Food App Review of the Week: Melon Meter

By on Friday, September 9th, 2011


Melon Meter
Developer:
Let There Be Light Innovations
Cost: $1.99
Runs on: iPhone
Website: http://ltbli.com

With so many food apps focused on recipes or ingredients, it’s refreshing to test an app that actually turns your smartphone into a kitchen, er, farmer’s market tool. According to the information provided by Let There Be Light Innovations (LTBLI), the app developer, they have spent two years in research and development to create this app. In short, you put the phone’s microphone on a watermelon, knock on it, and it will tell you if the melon is ripe. Let’s see if the time and effort has paid off.

 

So what took two years to develop? LTBLI has created an algorithm that analyzes the decay rate (the time it takes for a sound to end) after thumping a watermelon. The app gauges the sound and judges it against a decay signature that signifies a “ready” watermelon. As the developers have noted, a “ready” watermelon doesn’t necessarily correspond with a tasty or sweet melon.

 

Knock, Knock

So the nuts and bolts of this app are simple. You select a melon size, from medium to large (small melons are not supported with this first version—even though a small melon option is shown). You then place the phone mic-side-down on the watermelon. Click the big red button in the center of the app and begin knocking on the melon with your knuckles to create the sound that is needed to analyze the readiness. This is where the trouble begins.

The tutorial, which is very useful and easy to understand, says to knock with consistent pressure and rhythm until prompted to stop. I have done this with several different watermelons and had a second person use this app and neither of us were able to get the app to prompt us to stop. Either our knuckles or the melon would be pulp (and ready) before this app had what was needed to tell us if the melon was good to go.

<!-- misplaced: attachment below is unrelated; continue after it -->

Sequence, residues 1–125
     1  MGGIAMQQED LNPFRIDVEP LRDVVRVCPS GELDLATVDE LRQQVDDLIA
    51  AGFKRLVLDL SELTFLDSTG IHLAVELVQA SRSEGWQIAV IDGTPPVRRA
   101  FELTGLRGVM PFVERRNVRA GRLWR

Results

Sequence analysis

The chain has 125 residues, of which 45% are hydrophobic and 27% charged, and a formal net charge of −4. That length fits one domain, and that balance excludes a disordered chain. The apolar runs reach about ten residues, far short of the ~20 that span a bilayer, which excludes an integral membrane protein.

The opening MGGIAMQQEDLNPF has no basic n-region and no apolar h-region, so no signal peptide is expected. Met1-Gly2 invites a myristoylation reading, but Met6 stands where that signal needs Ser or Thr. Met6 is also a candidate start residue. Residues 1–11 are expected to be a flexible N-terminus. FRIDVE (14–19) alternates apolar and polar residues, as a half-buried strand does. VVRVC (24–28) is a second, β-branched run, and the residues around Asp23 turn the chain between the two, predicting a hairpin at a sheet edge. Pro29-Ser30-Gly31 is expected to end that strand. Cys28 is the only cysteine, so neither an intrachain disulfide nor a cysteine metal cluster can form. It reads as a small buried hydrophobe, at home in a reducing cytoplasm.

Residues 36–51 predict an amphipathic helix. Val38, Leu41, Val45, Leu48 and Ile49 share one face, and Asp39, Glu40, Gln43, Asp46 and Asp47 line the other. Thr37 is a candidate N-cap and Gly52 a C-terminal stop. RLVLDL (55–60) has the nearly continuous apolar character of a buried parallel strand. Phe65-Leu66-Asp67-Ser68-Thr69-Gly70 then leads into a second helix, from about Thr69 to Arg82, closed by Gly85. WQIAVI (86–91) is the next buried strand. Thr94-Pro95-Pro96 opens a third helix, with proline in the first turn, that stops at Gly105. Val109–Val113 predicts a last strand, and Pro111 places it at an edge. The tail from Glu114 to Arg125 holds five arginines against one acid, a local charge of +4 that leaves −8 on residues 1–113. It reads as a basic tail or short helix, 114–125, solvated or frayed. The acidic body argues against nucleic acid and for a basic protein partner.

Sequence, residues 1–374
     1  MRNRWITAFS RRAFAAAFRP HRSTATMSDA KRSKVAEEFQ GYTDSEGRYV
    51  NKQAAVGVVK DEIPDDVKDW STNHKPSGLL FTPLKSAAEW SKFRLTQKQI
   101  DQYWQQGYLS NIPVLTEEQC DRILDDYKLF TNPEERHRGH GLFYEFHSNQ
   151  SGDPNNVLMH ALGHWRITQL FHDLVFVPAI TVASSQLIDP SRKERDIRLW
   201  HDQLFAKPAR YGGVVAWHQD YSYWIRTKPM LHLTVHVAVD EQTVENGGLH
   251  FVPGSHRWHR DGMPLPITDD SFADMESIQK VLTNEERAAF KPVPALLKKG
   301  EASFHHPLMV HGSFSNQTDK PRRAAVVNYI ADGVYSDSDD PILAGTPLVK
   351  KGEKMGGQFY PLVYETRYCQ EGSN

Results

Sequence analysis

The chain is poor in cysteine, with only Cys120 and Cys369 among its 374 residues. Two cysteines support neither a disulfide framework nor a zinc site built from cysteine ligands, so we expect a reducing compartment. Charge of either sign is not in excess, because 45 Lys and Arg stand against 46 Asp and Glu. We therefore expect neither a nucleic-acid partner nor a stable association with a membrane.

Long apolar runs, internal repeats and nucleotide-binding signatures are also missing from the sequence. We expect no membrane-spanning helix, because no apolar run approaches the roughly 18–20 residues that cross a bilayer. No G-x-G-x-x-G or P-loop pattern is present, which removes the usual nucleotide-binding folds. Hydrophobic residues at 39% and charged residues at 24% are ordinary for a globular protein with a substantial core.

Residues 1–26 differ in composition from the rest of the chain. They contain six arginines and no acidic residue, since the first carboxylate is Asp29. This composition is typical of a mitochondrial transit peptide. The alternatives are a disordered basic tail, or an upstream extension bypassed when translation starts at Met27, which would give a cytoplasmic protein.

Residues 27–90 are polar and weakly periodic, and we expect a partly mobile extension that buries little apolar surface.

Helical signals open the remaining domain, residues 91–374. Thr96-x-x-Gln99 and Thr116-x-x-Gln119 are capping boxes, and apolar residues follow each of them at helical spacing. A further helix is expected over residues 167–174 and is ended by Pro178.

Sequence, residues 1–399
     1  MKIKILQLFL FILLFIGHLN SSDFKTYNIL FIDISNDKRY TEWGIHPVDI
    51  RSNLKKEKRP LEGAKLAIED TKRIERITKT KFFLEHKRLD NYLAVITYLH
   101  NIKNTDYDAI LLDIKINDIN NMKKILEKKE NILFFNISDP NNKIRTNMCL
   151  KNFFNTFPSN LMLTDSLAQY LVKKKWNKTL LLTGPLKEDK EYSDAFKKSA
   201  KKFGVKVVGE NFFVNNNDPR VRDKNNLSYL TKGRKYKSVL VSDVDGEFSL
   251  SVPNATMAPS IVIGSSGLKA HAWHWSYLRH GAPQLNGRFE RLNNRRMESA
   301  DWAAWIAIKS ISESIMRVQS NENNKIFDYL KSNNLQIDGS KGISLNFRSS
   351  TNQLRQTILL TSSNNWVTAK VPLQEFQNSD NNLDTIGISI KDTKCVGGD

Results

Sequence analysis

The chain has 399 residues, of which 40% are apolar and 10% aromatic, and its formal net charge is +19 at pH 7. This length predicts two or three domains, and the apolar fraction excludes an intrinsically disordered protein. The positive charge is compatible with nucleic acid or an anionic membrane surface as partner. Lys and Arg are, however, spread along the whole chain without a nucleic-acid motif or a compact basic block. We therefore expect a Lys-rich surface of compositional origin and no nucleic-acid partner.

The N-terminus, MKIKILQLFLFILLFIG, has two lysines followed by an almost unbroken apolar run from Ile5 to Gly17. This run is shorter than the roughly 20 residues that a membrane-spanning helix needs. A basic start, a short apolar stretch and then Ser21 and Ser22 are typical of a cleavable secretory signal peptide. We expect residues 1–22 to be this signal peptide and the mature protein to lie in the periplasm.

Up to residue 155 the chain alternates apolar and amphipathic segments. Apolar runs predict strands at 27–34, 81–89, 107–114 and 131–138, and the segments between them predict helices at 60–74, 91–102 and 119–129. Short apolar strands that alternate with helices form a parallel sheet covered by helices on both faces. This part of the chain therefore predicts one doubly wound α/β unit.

While knocking, users can see a meter with a needle that swings from left to right (right being ready) to indicate what the app is seeing. I used this app in a garden, since watermelons don’t ripen off the vine, to pick the best melon. The meter bounced all over the place and the app never told me to stop, but I did get the impression that the melon I selected was ready based on how the needle was moving.

Melon-Choly Results

Upon eating the watermelon, it was good, but not great. Does this mean the app worked or didn’t? From my experience, I didn’t have a great deal of confidence in what the app told me since the needle continuously bounced around—and that in itself is the problem. Even

when I did nothing the needle bounced back and forth. It may be that the mic sensitivity is picking up too much ambient noise (the developer recommends not talking while using the app even though part of the algorithm attempts to factor ambient noise). This, in itself, brings up a big logistical problem for this app. Can you use it in a grocery store to test the readiness when people are bustling by? How about a farmer’s market where crowd noise is sure to pose a problem?

When I pick my next watermelon, I’ll probably use this app again to see what it tells me and help build my own confidence. Unfortunately, I won’t rely on this app to tell me what watermelon to pick, which is what I was really hoping for. Because of that, this app doesn’t feel ripe just yet. Since this app is still on the vine as version 1.0, I’m hoping version 2.0 will swing that needle a little further to the right because this app has the potential to be great.

Toque Rating: 3/5

Written by Steve Cooper

Steve Cooper is the co-founder and editor-in-chief of Hitched, a service and lifestyle online magazine for married couples. When Steve is not not researching or dispensing relationship information, he's reading, eating or marrying flavors together in the kitchen.

1 Comment

  1. Since I just got three melons from my farmer, I instantly read this in anticipation. Guess I’ll wait for (next summer &) version 2.0.
    Thanks for the field work!

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